In a class action lawsuit filed against Grubhub in January, restaurant owners complained that the third-party food delivery service was falsely charging them for orders every time they got a phone call. Grubhub did this by creating new numbers for the restaurants they partnered with, which rerouted to the restaurants’ existing numbers, but allowed Grubhub to monitor calls and charge if it was an order — though, as the lawsuit alleges, Grubhub often charged for calls on subjects beyond ordering. Now, it appears Yelp is also in on the scam.
In 2018, Yelp integrated Grubhub’s ordering capabilities into its platform, allowing users to place delivery orders straight from Yelp. And according to Vice, it’s also replacing restaurants’ real numbers with the reroutes from Grubhub in order to take a cut.
The sneaky bait-and-switch is presented as an option for the potential customer to either call for “General Questions” or “Takeout and Delivery” in the Yelp app. The “General Questions” number is the restaurant’s actual number, while “Takeout and Delivery” takes the caller through a Grubhub number, which tells the caller “This call may be recorded to ensure awesomeness” before connecting them to the restaurant. “Even though restaurants are capable of taking orders directly—after all, both numbers are routed to the same place—Yelp is pushing customers to Grubhub-owned phone numbers in order to facilitate what Grubhub calls a ‘referral fee’ of between 15 percent and 20 percent of the order total,” writes Vice.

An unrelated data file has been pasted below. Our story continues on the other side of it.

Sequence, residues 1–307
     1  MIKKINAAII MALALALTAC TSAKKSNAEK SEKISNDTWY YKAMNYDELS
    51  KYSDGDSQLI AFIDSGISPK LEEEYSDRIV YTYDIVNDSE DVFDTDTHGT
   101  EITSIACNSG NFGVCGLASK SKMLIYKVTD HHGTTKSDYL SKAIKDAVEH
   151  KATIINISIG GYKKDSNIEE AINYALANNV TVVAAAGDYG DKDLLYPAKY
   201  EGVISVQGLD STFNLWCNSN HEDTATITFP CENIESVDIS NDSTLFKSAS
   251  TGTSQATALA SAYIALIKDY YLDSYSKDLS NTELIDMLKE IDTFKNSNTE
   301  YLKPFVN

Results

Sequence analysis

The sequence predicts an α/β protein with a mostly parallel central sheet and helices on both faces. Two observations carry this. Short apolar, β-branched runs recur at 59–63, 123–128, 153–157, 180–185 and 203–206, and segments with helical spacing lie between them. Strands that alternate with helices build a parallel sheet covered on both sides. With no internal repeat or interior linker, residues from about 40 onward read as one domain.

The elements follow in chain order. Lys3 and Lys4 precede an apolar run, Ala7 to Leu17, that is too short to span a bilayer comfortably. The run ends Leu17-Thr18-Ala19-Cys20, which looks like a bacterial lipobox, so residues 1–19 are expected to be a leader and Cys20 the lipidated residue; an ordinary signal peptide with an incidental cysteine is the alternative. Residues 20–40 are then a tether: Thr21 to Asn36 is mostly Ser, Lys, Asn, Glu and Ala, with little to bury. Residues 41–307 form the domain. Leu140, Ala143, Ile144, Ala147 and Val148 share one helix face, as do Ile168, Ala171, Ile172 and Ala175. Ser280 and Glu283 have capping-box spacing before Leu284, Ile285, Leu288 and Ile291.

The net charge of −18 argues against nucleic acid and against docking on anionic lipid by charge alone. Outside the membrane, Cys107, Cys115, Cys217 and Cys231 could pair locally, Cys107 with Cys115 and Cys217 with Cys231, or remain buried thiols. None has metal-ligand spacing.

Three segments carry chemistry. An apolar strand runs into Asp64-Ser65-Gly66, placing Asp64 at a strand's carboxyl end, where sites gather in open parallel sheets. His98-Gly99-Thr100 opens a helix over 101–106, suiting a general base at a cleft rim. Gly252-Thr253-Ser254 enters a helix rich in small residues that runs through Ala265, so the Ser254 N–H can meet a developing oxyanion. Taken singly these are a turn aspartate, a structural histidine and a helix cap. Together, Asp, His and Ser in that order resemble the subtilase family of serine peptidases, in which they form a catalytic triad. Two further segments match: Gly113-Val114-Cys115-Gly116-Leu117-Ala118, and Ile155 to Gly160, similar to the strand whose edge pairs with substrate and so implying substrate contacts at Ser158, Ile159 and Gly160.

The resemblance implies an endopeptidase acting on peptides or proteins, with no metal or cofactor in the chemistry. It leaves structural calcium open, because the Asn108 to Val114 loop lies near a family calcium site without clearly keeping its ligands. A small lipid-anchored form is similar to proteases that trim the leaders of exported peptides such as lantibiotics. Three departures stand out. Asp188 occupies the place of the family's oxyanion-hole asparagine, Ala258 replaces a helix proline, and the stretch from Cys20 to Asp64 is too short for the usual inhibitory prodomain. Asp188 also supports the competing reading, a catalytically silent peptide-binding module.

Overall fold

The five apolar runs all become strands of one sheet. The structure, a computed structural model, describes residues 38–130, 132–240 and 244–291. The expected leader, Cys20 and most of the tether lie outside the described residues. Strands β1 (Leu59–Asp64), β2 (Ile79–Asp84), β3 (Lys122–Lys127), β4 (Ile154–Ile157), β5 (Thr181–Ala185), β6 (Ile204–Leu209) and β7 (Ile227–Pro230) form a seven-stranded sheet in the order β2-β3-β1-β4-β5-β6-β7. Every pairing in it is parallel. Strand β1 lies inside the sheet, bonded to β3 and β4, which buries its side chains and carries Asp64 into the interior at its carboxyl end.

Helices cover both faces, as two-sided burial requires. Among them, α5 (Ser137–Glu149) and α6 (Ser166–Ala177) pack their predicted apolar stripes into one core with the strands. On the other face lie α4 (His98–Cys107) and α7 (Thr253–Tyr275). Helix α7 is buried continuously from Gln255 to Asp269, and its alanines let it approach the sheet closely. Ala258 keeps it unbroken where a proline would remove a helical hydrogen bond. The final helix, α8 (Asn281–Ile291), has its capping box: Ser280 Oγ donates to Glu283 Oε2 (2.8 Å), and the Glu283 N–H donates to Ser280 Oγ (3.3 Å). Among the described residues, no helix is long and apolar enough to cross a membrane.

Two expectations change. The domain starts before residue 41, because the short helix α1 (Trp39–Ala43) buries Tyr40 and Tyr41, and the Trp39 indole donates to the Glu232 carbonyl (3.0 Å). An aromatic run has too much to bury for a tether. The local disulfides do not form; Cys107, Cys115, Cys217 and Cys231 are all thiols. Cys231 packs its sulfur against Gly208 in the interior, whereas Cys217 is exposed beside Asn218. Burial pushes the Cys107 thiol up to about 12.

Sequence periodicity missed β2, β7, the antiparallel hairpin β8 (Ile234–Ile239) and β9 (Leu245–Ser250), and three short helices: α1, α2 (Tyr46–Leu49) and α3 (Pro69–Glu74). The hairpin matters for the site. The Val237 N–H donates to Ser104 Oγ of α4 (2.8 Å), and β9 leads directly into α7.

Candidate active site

A spokesperson from Yelp told Vice “It is our understanding that Grubhub has marketing agreements with some restaurants that allow Grubhub to utilize referral numbers on third party partner sites like Yelp.” When previously called out for their shady tactics, like setting up fake websites for existing restaurants, Grubhub says it’s all allowed in the fine print, the agreement being that setting up alternate phone numbers and websites is allowed under Grubhub’s “marketing” services. Eater reached out to Grubhub for more information on how the Yelp partnership falls into its “marketing” agreements, but did not receive a response by press time.
Overall this is just one more drop in the bucket that is both customers’ and restaurants’ increasing frustration with third-party delivery services and the gig economy, with even one New York City Council member getting involved involved. Perhaps it’s time to return to the take-out menu.
Correction: August 12, 2019, 8:30 a.m. Reporting on Yelp was originally conducted by the podcast Underunderstood.